In this talk, we compare spatially coupled LDPC codes to LDPC block codes according to several criteria. For convenience, we focus on photograph-based code ensembles, both binary and non-binary. Comparisons of ensemble average asymptotic properties and the finite length performance of specific codes are considered. Specific criteria for comparison include iterative decoding thresholds, minimum distance, trapping set, and absorbing set properties, analytical error-rate bounds, simulated error-rate performance, decoder latency and memory requirements, computational complexity, and decoder design complexity. For spatially coupled codes, both flooding schedule and sliding window decoding methods are considered.

12:00 pm12:30 pm

We consider the problem of storing and retrieving information from synthetic DNA media. The mathematical basis of the problem is the construction and design of sequences that may be discriminated based on their collection of substrings observed through a noisy channel. This problem of reconstructing sequences from traces was first investigated in the noiseless setting under the name of “Markov type” analysis. Here, we explain the connection between the reconstruction problem and the problem of DNA synthesis and sequencing, and introduce the notion of a DNA storage channel. We analyze the number of sequence equivalence classes under the channel mapping and propose new asymmetric coding techniques to combat the effects of synthesis and sequencing noise. In our analysis, we make use of restricted de Bruijn graphs and Ehrhart theory for rational polytopes.

Thursday, February 12th, 2015

10:00 am10:30 am

The noise model of deletions poses significant challenges in coding theory, with basic questions like the capacity of the binary deletion channel still being open. In this talk, we address the harder model of worst-case deletions, with a focus on constructing efficiently decodable codes for the two extreme regimes of high-noise and high-rate.

Our work is the first to achieve the qualitative goals of correcting a deletion fraction approaching 1 over bounded alphabets, and correcting a constant fraction of bit deletions with rate approaching 1. These results bring our understanding of deletion code constructions in these regimes to a similar level as worst-case errors.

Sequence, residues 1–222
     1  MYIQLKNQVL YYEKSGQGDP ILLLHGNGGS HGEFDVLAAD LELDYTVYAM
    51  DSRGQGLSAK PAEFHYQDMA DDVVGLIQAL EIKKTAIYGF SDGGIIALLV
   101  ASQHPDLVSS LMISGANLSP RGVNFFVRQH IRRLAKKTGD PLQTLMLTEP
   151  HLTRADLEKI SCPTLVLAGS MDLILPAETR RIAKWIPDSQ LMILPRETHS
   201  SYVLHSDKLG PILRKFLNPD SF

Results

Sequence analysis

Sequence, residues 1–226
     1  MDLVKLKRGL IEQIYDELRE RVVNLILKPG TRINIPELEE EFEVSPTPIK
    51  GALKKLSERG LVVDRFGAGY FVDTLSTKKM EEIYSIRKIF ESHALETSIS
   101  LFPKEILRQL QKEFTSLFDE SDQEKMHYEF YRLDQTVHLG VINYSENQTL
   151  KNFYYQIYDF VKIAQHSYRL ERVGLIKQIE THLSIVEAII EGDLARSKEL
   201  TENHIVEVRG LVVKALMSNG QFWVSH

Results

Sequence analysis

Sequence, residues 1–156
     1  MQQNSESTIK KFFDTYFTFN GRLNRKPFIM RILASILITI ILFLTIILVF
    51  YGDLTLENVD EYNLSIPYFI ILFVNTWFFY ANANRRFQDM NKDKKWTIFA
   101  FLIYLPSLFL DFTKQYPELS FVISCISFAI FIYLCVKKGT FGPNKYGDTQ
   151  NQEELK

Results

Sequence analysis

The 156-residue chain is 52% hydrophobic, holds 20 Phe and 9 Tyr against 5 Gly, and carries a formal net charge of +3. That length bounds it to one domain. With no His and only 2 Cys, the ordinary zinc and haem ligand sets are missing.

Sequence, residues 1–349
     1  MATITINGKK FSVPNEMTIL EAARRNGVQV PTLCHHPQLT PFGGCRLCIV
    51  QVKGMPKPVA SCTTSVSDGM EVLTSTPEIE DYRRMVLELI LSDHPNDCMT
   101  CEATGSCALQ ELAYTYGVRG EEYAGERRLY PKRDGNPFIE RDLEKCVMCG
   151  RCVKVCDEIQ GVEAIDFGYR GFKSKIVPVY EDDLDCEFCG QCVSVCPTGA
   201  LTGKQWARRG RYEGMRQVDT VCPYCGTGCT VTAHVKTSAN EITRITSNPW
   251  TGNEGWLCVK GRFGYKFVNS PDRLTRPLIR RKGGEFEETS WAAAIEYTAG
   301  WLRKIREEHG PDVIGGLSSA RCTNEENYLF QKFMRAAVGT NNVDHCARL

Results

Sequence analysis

11:00 am11:30 am

Recently the notion of locally recoverable code (LRC) was introduced in the field of distributed storage with the goal of combating erasures. Such a code enables a recovery of any symbol of the encoding by accessing a relatively small number of other encoded symbols. In the talk, LRC codes that attain the maximum possible value of the distance for a given locality parameter and code's cardinality will be presented. These codes are based on polynomial evaluations and can be viewed as a natural generalization of Reed-Solomon codes. We will conclude with some extensions of the code construction.

11:30 am12:00 pm

Expander codes—codes based on expander graphs, introduced by Sipser and Spielman in the 1990's—are notable for their extremely fast (linear) decoding time. In this talk, I'll mention two recent results which show that these old(ish) codes can learn new tricks. First, when appropriately instantiated, they admit sublinear time local decoding algorithms with rate approaching 1. Second, with a different instantiation, they can be list-recovered (a variant on list-decoding) in linear time, with rate again approaching 1.

These are joint works with Rafail Ostrovsky and Brett Hemenway.

1:30 pm2:00 pm

Since the landmark work of Shannon in 1948, error-correcting codes have gained widespread use in communication systems. However, the question of obtaining efficient codes that get arbitrarily close to Shannon capacity with polynomial complexity had remained open for decades. In 2008, Arıkan introduced the technique of channel polarization as a means of constructing explicit capacity-achieving error-correcting codes known as polar codes. A subsequent work of Guruswami and Xia established that for binary-input symmetric memoryless channels, polar codes allow communication rates within epsilon of the Shannon capacity with block length and encoding and decoding complexities all bounded polynomially in 1/epsilon. Polar codes are, therefore, the first explicit construction with such provable guarantees.

However, the question of obtaining similar provable guarantees for q-ary polar codes has remained open. In this work, we resolve this question by extending the result of Guruswami and Xia to q-ary codes. Our high level approach is to do a direct analysis of the convergence rate to capacity by proving an entropic inequality over prime alphabets. Such an inequality was implicit and straightfoward in the q=2 case, as the extremal case of the inequality is known, but for other prime q, the inequality is more subtle due to the lack of a simple characterization of the extremal cases. The polarization result for prime q is then used to obtain the general result for all q by splitting a communication channel into multiple channels over prime alphabets and polarizing each channel separately.

This is joint work with Venkatesan Guruswami.

2:00 pm2:30 pm

We introduce a model of a distributed storage system that is locally recoverable from any single server failure. Unlike the usual local recovery model of codes for distributed storage, this model accounts for the fact that each server or storage node in a network is connectible to only some, and not all other, nodes. This may happen for reasons such as physical separation, inhomogeneity in storage platforms etc. We estimate the storage capacity of a network under this model and propose some constructive schemes. From a coding theory point of view, this model is approximately dual of the well-studied index coding problem.